Become a Member

Get access to more than 30 brands, premium video, exclusive content, events, mapping, and more.

Already have an account? Sign In

Become a Member

Get access to more than 30 brands, premium video, exclusive content, events, mapping, and more.

Already have an account? Sign In



When Hamstrings Hurt

When your practice causes hamstring injury—and how to manage those injuries with your yoga.

Get full access to Outside Learn, our online education hub featuring in-depth yoga, fitness, & nutrition courses, when you sign up for Outside+.

Hamstring injury requires patience with your body. It can take months of slow, methodical work to allow the area to heal to the point of returning to a regular class. And even then, you’ll need to spend some time at the start of each practice warming up the hamstring muscles before diving into a vigorous or challenging asana sequence. Once injured, this area will be vulnerable to re-injury, so being mindful about your actions and your body will help you keep it healthy and your practice strong.

It is not unusual for students who don’t warm up the hamstrings slowly and push themselves in hamstring-stretching poses or do a lot of jumps into and out of forward bends and Chatarunga to injure this area in the form of overstretching, or, in more serious cases, tearing of the muscle fibers.

The hamstring muscles all start off from the same starting point, your sitting bones or ischial tuberosity, and head down toward the knees. They comprise three muscles—semitendinosus, semimembranosus, and biceps femoris—and their corresponding tendons. The semitendinosus and semimembranosus split off to the inside back of the lower leg bone at the knee, and the biceps femoris heads to the outside back of the lower leg at the knee.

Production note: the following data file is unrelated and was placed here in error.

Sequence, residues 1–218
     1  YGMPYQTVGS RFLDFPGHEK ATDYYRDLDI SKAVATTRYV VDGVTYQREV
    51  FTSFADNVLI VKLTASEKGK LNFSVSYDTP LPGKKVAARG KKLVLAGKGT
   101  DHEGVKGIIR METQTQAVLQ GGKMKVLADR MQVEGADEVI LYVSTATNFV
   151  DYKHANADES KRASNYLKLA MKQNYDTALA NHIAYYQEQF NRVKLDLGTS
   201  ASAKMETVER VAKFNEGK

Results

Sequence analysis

So the hamstrings cross two joints, your hip joint and your knee joint. When the they contract, they can either pull your upper leg, the femur, back behind you into extension or they can help your knee to bend or “flex,” or they can do both things at once.

If you have your femur pulled back and your knee flexed, like in Dhanurasana (Bow Pose), your hamstrings are at their most contracted and shortened. When you bend forward at the hips in poses like Paschimottanasana (Seated Forward Bend), they go to their maximum length or stretch. When you jump back from Uttanasana (Standing Forward Bend) into Chaturanga or jump forward from Adho Mukha Svanasana (Downward-Facing Dog Pose) to Uttanasana, you place a sudden and intense demand on the hamstring muscles.

The most vulnerable and commonly injured point in the hamstring is where the muscles originate at the sitting bones. The short tendons that anchor the muscles to the bone heals most slowly due to a relatively poor blood supply. Once present, this injury can take a long time to heal. In addition, once the injury has occurred, it becomes aggravated by any stretching of that muscle, which can delay healing even more.

Since stretching the hamstring is detrimental to healing, at the very least, you will need to skip all forward-bending poses or modify (by bending the knees deeply) until the inflammation in the tendon (and the accompanying pain) has disappeared.

As you can imagine, this precludes you doing vigorous vinyasa practices. Otherwise, you run the very likely chance of re-injuring the tendon again and again. In addition, more static styles of practice, including Iyengar or Anusara or hatha yoga, would need to be modified if forward bends are part of the sequence.

Your yoga strap can be of some help as well. Make a loop and place it snuggly up the thigh as high as you can and so it won’t slip down (but not too tight). This creates a kind of brace that will shift the stretch of forward bends to the strapped spot on your hamstrings and away from the sitting bone.

Roger Cole recommends that post injury, you rest for at least 72 hours to let the inflammation cool down, then focus on strengthening the hamstrings before returning to forward bends. This can be accomplished beautifully by Salabhasana (Locust Pose), and I like to have students do a one-legged version, where the affected leg is lifted just few inches off the floor, keeping a sense of the leg lengthening backward. Warm up with a dynamic version, inhaling up and exhaling down for 4-6 breaths, before holding the pose for a few breaths. If this causes any pain, you probably need to rest the area for a while longer.

This article has been updated. Originally published November 8, 2012.